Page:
Week of 08-Sep-2017
This non-fatal scour is seen in piglets from 10 days of age. What is the most likely primary cause?
This is a classic example of coccidiosis in pigs due to Isospora suis. It is the most common cause of scour in pigs beyond the second week of life.
If uncomplicated with secondary infection it is rarely fatal but can restrict weaning weights by up to 2.5 kg/pig at weaning. Whilst extensive sampling may find coccidial oocysts in affected herds the most reliable diagnosis is achieved by sacrifice of a newly affected pig with histopthological examination of small intestinal loops fixed in formal saline.
In uncontrolled disease both E coli and rotavirus can complicate primary coccidial infection.
Treatment of affected pigs is often unrewarding with pigs continuing to scour until they are weaned. Post weaning performance can be compromised by both the extensive gut damage and underweight pigs weaned.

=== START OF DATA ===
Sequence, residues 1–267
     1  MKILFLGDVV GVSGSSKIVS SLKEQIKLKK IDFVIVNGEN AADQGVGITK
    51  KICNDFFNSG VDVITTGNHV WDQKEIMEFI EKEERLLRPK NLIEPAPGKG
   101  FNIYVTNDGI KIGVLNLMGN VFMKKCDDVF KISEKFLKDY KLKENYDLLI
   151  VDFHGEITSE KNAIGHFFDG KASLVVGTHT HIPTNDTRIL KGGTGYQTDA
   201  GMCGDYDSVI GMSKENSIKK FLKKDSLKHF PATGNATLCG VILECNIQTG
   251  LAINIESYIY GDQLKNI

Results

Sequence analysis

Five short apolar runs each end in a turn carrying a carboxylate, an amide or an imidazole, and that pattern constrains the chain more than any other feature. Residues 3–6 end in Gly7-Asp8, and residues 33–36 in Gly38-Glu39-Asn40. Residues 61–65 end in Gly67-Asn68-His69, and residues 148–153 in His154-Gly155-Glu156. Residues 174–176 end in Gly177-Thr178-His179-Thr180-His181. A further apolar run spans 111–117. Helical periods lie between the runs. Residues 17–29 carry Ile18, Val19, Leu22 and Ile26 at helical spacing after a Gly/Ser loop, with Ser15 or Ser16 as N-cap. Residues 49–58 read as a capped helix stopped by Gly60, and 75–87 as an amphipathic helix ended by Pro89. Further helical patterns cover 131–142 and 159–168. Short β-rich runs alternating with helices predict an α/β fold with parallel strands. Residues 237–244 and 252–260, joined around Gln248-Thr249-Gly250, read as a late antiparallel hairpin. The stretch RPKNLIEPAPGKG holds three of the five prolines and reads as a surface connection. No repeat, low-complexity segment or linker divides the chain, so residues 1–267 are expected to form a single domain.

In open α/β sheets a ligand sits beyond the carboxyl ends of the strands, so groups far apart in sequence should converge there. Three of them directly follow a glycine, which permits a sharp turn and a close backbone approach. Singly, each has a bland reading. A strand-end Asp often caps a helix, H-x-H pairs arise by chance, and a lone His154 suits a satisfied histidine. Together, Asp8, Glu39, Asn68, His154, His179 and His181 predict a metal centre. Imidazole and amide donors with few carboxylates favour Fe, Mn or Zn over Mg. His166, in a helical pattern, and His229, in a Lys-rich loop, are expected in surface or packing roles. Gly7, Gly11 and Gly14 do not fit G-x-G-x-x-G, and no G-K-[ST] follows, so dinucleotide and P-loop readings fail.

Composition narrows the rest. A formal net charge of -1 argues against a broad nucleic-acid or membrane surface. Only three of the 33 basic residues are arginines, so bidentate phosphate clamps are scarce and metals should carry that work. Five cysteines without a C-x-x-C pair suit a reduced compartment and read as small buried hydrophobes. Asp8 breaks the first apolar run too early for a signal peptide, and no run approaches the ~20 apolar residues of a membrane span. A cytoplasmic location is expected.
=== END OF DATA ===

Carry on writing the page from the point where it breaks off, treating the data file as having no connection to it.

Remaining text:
The disease is a feature of poor farrowing accommodation hygiene; detergents followed by disinfection will help reduce risk but oocysts are resiliant and can survive despite cleaning.
Subclinical infection and inadequate control may be linked to post weaning failure to thrive due to maldigestion.
Week of 22-Sep-2017
What is the likely cause of this lesion seen in >10% of lungs in slaughter pigs each week from a breeder feeder farm?
Week of 15-Sep-2017
The ulcer shown is in the preputial diverticulum of an adult boar culled due to persistent haemorrhage in the ejaculate. What is the likely cause?
Week of 01-Sep-2017
Which infectious disease is the most likely cause of the haemorrhages visible on the serosal surfaces of this growing pig which was found dead?
Week of 07-Aug-2017
What is the most likey cause of the lesion seen in a single 10 day old piglet on an outdoor pig unit in January?
Week of 31-Jul-2017
A first parity weaned sow can not hold her weight. It shows poor response to antibiotics and NSAIDS. What is the most likely cause of this lesion?